The general belief among the American population today is that sexism is a thing of the past. When someone points out a sexist behavior or remark, the people around often write it off as hypersensitivity about being “politically correct.”
The truth is that sexism is still extensive in our society, and the very fact that people believe sexism is nonexistent is symptomatic of the problem. One of the largest areas in which sexism is problematic is our language. Specifically, the word “girl” is often used to refer to an adult woman, whereas the word “boy” is almost never used in reference to an adult man, unless an insult is intended. When someone uses the word “boy,” the listener pictures a child, not past adolescence. But “girl” is universal for females of any age; many grown women refer to themselves as girls.
This mislabeling of women appears to be indicative of the association of women with children, or the idea that women are “childlike” in nature; it also reflects disrespect toward women that, unfortunately, seems to be regarded as entirely acceptable since people are rarely admonished for their sexist language. When women refer to themselves as girls, it is also symptomatic and reflects the damage done to her by hearing “girl” applied to her and the women around her. Social conditioning like this makes evident that women have been made uncomfortable referring to themselves as adults, apart from children.
Aside from a reflection of a greater disrespectful attitude toward women, calling us “girls” has larger consequences that are tied to other gender discrepancies in our society. For example, when a woman is referred to as a girl by a male colleague or boss, she is getting the message that she is less important than the males in her presence; whether or not she is conscious of it, the message is out there. This belittling is bound to make a woman less confident to ask for a raise or go for a promotion, thus adding to the pay discrepancy between women and men in the United States. (In 2005, college-educated women earned only 72 percent as much as college-educated men, according to the National Committee on Pay Equity.) In short, it is patronizing.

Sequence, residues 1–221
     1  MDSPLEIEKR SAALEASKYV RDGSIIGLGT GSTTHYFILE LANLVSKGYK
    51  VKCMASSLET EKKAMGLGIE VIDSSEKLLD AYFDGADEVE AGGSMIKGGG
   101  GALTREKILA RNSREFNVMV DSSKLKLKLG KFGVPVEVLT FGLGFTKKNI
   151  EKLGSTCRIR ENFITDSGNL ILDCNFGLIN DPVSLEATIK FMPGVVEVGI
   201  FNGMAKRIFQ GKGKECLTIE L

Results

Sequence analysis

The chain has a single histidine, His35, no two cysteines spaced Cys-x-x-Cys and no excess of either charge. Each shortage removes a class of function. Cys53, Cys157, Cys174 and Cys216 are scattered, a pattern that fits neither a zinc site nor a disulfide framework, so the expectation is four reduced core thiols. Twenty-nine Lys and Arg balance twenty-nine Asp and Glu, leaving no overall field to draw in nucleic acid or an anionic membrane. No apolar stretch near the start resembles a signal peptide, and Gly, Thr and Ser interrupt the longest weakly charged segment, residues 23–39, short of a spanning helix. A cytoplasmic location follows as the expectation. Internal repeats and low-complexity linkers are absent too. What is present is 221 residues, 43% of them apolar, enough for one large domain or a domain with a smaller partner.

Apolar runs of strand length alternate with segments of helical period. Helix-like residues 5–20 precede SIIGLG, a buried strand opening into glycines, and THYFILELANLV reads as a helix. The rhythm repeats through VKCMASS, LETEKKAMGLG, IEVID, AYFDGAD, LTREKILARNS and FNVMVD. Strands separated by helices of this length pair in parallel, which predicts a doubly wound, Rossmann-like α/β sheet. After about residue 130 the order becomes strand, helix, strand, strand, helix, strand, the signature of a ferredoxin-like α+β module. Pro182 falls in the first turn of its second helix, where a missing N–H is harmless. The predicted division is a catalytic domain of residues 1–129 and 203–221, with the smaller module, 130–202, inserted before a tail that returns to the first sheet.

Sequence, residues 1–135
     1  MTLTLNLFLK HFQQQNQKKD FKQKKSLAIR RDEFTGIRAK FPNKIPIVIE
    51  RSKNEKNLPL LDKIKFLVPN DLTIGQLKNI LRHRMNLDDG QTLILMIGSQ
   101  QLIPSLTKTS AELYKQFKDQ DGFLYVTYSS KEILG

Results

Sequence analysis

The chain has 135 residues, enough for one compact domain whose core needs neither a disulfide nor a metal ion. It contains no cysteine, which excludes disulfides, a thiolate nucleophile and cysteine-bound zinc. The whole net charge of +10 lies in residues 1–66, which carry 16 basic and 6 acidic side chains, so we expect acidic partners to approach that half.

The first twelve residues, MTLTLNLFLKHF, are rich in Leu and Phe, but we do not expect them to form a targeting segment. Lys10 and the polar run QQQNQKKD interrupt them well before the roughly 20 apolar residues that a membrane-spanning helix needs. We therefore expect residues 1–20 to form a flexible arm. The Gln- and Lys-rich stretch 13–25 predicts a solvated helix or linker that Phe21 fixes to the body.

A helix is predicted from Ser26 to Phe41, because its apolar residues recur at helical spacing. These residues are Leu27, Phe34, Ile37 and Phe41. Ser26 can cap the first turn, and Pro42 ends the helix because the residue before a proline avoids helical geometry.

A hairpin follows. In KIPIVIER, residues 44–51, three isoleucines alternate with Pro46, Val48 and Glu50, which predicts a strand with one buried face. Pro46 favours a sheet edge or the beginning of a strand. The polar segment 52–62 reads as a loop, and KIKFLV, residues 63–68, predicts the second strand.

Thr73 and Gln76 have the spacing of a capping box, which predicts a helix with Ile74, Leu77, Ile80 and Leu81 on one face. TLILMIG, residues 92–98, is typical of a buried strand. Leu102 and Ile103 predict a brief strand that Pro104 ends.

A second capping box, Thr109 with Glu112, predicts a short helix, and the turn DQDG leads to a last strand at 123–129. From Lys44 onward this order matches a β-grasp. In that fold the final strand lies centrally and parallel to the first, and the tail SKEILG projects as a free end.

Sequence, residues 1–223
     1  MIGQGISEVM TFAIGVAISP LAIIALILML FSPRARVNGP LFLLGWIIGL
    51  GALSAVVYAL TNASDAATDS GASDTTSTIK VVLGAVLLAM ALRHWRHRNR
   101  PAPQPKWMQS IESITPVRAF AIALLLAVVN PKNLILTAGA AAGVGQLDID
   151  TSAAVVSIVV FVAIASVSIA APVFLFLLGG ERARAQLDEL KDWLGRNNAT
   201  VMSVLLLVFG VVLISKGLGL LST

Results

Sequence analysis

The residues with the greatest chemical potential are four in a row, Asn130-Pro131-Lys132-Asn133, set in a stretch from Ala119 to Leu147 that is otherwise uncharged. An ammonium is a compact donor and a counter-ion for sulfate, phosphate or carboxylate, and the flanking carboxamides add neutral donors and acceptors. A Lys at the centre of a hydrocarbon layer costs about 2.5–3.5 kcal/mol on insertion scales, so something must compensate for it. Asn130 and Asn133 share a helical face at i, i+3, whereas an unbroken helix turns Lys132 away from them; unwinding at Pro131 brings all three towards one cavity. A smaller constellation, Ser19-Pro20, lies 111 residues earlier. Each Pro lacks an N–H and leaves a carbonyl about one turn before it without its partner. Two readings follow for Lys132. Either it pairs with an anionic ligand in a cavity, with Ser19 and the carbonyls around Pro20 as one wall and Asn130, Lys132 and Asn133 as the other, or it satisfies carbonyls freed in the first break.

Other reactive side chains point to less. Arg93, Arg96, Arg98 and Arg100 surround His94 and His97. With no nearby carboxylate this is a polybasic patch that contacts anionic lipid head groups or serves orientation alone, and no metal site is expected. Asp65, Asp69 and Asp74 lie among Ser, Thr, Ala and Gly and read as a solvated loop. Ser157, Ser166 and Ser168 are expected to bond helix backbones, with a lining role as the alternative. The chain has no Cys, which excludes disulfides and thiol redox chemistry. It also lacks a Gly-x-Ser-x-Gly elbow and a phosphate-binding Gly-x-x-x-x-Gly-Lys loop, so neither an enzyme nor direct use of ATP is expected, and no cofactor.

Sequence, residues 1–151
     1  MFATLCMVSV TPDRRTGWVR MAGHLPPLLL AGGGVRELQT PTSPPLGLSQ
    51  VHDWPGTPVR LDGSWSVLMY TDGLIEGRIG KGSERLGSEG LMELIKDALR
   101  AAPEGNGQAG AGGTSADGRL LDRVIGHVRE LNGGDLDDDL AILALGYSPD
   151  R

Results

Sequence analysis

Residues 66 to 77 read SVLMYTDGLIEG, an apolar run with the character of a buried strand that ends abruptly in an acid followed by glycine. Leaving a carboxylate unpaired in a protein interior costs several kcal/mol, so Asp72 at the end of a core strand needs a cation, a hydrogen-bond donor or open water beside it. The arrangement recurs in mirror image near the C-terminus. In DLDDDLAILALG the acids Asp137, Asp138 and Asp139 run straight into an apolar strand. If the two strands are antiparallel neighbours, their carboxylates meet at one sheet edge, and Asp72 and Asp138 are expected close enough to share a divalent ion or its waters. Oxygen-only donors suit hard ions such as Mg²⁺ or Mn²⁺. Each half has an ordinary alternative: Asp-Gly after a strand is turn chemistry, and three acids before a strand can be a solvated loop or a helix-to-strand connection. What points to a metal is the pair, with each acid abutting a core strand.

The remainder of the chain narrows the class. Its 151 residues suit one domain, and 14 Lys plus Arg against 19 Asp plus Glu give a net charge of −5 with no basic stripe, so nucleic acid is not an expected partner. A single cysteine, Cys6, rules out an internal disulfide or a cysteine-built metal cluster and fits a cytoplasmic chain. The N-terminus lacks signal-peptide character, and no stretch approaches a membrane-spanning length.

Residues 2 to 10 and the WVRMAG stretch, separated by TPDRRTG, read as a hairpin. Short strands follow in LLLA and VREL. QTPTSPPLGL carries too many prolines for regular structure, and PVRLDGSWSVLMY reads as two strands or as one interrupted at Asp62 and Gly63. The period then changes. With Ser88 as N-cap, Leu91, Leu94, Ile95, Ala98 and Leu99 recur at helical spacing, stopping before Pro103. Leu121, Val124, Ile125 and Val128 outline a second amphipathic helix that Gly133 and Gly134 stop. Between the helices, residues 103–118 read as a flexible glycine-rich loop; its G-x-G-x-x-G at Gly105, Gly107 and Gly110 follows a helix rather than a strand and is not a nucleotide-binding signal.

The word “girl” (similar to boy, which is used much less often) has come to have negative connotations no matter who it’s applied to; calling a man a girl, for example, is to say that he is a wimp, a sissy, childlike, un-masculine or effeminate, which in our culture is obviously meant as an insult. When the word “boy” is used, nobody would think of a professional, middle-aged man in a work setting. They would instead picture a child, so why would a professional woman of the same age be labeled “girl?”
In college classrooms, the problem is especially prevalent and painfully damaging. Male professors, as well as female, are likely to refer to the women in the classroom as girls. The anti-feminist would argue that gender equality in higher education has been achieved because the numbers of men and women in colleges are roughly even, but to spend time in a classroom that has both male and female students would show differently, and the words used to refer to women reflect the trouble women still face in educational settings.
Arguably, women have reconfigured the word “girl” in some instances to be a positive one, as in “girl power” or “girls’ night out,” and used feminist plays on the word, such as in “grrl” and “gurl,” but these uses are not applicable to the more widespread use of the word, mainly by men, to refer to a woman in a professional, social, or educational setting.
Arguing for a change in language toward women is not simply a fight for “political correctness” or a squabble over semantics; it brings with it the changes women seek in equal pay, equal treatment and equal opportunities, as well as an improvement in attitudes towards women’s worth. To dismiss this noticeable cultural anomaly as insignificant would be at the very least an insult to the feminist movement. And speaking of which, when did “feminist” become such a dirty word? What with the ultra offensive label of “feminazi,” I think popularized by the devil’s own Rush Limbaugh, it is not surprising that assertive, self-confident women are still second class citizens throughout most of the world.
A facet of some women’s reluctance to adopt this attitude is likely seated in the fear of becoming “unattractive” or seeming “too brainy”. With childhood companions like the talking Barbie dolls of the 90’s, which declared, “Let’s go shopping!” and “Math is hard!” it’s no surprise that as adults, we continue to subconsciously demote ourselves. We’re women, not girls, so ditch this misnomer and start treating us the way you’d expect to be treated, with respect. That’s all we ask, and honestly, it shouldn’t be that big of deal.